Patient responses

The maximum number of administered treatment cycles was 7, 19, and 2 at dose level 1, 2 and 3, respectively. In the 15 patients, the response rate was 20 % (3 of 15) and the progression-free rate (PFR) at 3 months was 60 % (9 of 15). All three patients with partial response (PR) were at dose level 2 and had translocation-related sarcomas (TRS; myxoid liposarcoma, synovial sarcoma, extraskeletal Ewing sarcoma in one patient each) with confirmation of fusion genes (EWS-CHOP1, SYT-SSX1, and EWS mutation, respectively).

The case of a patient who continues the longest treatment with trabectedin is presented. A 13-year-old girl was given a diagnosis of a retroperitoneal myxoid liposarcoma in 2004. She received three lines of chemotherapy, including pirarubicin, ifosfamide, and dacarbazine, and then underwent surgery to remove the entire tumor from the pelvis. She had relapse 2 years later, underwent surgery six times, and received topotecan and vaccine therapy for advanced disease over the course of 5 years. When she was 21 years of age, she presented at a site participating in this study. The patient started to receive trabectedin at dose level 2 in September 2011. Magnetic resonance imaging (MRI) showed a retroperitoneal lesion (longest diameter, 249 mm; Fig. 2a) at baseline. MRI showed a 33 % reduction in tumor diameter (167 mm, Fig. 2b) at 7 cycles and the shortest diameter was 83 mm at 13 cycles (Fig. 2c). The latest diameter was 122 mm at 19 cycles (Fig. 2d), which meet the criteria of progressive disease (PD.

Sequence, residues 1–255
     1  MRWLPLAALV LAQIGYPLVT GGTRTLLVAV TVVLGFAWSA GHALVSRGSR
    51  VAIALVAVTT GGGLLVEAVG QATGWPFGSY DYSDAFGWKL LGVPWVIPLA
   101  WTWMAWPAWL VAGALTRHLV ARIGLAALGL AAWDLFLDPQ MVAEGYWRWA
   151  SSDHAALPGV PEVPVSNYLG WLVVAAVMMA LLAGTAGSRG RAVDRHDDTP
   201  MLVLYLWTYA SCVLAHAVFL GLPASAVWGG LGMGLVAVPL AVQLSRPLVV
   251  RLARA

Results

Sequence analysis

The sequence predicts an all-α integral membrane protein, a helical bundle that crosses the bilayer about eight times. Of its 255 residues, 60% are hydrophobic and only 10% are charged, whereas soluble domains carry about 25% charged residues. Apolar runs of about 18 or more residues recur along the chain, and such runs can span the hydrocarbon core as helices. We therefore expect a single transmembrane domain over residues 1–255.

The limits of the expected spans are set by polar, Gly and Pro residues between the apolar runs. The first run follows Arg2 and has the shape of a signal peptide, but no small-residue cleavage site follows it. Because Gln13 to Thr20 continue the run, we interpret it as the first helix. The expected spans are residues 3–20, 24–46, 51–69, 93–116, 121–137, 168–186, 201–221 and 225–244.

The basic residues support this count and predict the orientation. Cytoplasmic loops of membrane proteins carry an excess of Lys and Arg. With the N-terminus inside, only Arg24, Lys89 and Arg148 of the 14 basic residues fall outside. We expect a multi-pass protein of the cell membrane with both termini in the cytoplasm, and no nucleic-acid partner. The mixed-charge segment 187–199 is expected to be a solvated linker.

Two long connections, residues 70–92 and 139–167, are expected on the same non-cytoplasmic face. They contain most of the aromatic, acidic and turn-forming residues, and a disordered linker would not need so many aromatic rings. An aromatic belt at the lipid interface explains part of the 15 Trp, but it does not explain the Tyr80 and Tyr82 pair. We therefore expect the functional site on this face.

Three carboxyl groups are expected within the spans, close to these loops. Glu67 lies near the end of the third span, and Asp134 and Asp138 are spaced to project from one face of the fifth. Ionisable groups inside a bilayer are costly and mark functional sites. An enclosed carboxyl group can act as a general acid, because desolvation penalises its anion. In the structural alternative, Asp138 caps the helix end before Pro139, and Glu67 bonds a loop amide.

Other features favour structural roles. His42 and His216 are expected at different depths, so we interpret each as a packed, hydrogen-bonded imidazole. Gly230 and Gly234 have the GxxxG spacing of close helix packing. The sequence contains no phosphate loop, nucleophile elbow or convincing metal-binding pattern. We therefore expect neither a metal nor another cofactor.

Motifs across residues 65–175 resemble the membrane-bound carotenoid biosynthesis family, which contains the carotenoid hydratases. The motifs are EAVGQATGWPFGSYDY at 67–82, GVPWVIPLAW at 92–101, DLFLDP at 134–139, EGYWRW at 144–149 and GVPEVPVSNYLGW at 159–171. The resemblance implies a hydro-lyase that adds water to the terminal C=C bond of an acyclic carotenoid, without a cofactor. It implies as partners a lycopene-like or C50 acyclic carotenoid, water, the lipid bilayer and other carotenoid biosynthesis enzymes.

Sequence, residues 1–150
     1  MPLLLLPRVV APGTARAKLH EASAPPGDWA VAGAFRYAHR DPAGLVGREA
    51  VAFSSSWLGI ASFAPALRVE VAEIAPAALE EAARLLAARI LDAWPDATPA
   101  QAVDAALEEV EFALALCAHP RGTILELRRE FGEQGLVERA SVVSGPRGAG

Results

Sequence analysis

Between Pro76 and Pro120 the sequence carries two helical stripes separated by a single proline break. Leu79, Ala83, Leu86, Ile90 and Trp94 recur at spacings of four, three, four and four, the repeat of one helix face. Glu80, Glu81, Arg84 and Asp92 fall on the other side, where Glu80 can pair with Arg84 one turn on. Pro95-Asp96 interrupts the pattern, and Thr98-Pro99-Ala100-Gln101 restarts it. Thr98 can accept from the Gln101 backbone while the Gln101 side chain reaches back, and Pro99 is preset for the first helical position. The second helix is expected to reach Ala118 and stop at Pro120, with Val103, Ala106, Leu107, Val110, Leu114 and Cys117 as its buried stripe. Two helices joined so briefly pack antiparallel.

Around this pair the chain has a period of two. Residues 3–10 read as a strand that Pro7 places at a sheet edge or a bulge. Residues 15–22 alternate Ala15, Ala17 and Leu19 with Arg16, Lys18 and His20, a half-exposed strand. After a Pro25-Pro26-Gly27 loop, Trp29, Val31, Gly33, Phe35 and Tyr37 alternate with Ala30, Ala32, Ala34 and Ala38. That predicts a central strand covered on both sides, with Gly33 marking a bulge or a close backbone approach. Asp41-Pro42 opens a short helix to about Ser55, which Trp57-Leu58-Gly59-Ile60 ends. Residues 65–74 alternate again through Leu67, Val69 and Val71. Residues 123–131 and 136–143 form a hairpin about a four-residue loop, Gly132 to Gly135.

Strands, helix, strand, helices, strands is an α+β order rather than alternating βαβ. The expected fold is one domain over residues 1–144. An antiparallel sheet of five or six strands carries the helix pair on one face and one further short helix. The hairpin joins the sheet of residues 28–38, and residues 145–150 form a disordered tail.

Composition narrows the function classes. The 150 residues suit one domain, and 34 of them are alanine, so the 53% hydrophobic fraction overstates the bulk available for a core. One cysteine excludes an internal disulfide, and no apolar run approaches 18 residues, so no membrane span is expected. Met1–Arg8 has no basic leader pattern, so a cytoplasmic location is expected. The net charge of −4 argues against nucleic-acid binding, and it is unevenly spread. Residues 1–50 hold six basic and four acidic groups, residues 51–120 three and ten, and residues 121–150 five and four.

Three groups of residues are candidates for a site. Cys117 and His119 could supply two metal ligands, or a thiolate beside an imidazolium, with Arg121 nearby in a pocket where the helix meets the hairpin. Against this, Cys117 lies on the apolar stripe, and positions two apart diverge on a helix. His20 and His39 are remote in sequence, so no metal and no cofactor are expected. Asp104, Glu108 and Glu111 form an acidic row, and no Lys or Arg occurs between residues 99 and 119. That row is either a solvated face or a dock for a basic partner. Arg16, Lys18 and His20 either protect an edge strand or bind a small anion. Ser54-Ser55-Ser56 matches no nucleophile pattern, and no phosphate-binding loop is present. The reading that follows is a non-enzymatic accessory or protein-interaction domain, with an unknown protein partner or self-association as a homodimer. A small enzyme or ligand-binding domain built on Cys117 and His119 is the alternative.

Fig. 2

MRI findings of a 21-year-old female patient with a recurrent retroperitoneal myxoid liposarcoma: a baseline, and after b 7 cycles (day 232), c 13 cycles (day 421) and d 19 cycles (day 672) of trabectedin at dose level 2 (1.2 mg/m2)